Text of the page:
The Ba’ait Ceremony 

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    The moment we repeat after Hazoor (atba) Ash’hadu’un’la’ilaha..( I bear witness there’s none worthy of worship except Allah) we enter into a new world. A world that lit us from dust, one of nothingness and wordless thoughts. 207 nations, people from every religion and dominion coming from different regions of the world have one thing in common: their heartaches, and it cannot be cured by drugs, sleep or games but only by seeing their beloved. His Holiness, Mirza Masroor Ahmad (atba), wearing the historic coat of the founder of the Ahmadiyya Muslim community, takes the oath on his hand from the Ahmadis present at the Jalsa. Making chains through physical contact, the ba’ait ceremony is the symbolic representation of community’s strength and unity.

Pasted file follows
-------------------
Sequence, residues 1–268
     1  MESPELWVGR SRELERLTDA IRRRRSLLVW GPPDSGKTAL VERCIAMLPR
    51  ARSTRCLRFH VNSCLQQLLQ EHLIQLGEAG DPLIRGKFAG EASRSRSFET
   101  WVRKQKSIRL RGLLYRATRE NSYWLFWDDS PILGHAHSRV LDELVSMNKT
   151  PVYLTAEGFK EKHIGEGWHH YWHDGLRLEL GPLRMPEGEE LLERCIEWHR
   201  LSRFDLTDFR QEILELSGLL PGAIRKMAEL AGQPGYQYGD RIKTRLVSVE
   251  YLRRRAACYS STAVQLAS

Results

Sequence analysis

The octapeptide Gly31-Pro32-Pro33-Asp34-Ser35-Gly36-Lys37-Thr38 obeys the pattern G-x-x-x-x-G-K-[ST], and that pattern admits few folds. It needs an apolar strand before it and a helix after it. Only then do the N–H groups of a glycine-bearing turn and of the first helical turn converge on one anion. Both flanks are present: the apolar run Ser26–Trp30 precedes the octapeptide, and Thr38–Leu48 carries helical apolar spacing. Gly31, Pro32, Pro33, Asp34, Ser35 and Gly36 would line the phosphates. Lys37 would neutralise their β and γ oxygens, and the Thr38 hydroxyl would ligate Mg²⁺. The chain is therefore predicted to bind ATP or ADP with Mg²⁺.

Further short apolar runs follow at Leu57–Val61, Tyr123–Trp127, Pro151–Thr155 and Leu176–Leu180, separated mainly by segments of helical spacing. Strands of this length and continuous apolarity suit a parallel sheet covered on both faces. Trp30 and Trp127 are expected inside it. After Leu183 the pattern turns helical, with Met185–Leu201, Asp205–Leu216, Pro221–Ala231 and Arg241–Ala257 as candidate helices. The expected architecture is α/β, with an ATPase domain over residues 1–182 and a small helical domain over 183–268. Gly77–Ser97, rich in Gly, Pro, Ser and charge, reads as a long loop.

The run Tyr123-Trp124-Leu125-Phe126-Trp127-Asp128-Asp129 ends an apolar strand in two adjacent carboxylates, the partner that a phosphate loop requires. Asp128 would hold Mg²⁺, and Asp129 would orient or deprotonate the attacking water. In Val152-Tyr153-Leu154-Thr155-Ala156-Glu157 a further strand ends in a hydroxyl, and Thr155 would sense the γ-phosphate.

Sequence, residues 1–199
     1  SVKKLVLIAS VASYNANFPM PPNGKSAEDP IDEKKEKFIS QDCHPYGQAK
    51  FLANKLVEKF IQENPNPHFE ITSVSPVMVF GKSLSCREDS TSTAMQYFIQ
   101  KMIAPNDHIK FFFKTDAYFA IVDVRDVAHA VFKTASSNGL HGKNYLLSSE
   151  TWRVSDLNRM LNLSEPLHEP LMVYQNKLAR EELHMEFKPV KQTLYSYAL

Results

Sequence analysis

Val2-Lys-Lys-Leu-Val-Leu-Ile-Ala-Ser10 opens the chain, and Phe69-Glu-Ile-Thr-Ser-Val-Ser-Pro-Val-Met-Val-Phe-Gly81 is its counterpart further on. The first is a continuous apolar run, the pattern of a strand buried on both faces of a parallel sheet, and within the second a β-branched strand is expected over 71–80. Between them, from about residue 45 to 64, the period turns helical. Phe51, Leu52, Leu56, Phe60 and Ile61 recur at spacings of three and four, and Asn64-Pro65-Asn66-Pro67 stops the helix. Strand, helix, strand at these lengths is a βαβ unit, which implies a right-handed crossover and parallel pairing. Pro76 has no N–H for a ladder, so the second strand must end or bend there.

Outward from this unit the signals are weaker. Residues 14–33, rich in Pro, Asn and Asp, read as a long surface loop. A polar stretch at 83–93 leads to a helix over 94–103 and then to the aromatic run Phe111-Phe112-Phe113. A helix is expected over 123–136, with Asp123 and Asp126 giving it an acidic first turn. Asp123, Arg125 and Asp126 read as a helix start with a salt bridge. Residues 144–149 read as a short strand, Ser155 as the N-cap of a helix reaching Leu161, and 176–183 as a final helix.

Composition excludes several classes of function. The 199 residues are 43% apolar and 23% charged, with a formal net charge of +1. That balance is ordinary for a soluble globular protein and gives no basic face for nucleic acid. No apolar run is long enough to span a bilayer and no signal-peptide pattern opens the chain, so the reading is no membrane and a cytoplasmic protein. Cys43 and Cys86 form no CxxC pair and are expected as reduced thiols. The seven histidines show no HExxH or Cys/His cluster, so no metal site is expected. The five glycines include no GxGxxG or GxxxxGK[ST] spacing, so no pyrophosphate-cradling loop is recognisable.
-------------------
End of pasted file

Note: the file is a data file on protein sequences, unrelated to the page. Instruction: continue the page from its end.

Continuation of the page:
This is a community of spirits and people here pledge not to become prisoners but to surrender even more deeply to freedom and joy. They don’t want any reward for their submission but just want to be in the presence of their beloved Imam. Weeping and seeking forgiveness before Allah the Almighty, the ba’ait ceremony proves to be a source of spiritual upliftment as it brings new wonders and beauty to their souls. 

    Many Ahmadis renew their pledge by submitting completely to the will of God. Those newcomers experiencing it for the first time whirl with joy and then kneel down in praise as a true believer. Those who are considered worthless are valued. Those who are disowned are honoured. Those who are thirsty drink from the fountain of freshwater. The persecuted souls rejoice for what they have found. This is what the ba’ait ceremony is all about.

    Though the whole Jalsa helps in spiritual enhancement, the ba’ait ceremony is remarkably the most memorable experience one could ever have and one to look forward to, no matter how many times it has been witnessed before. 

    By Ayesha Ahmad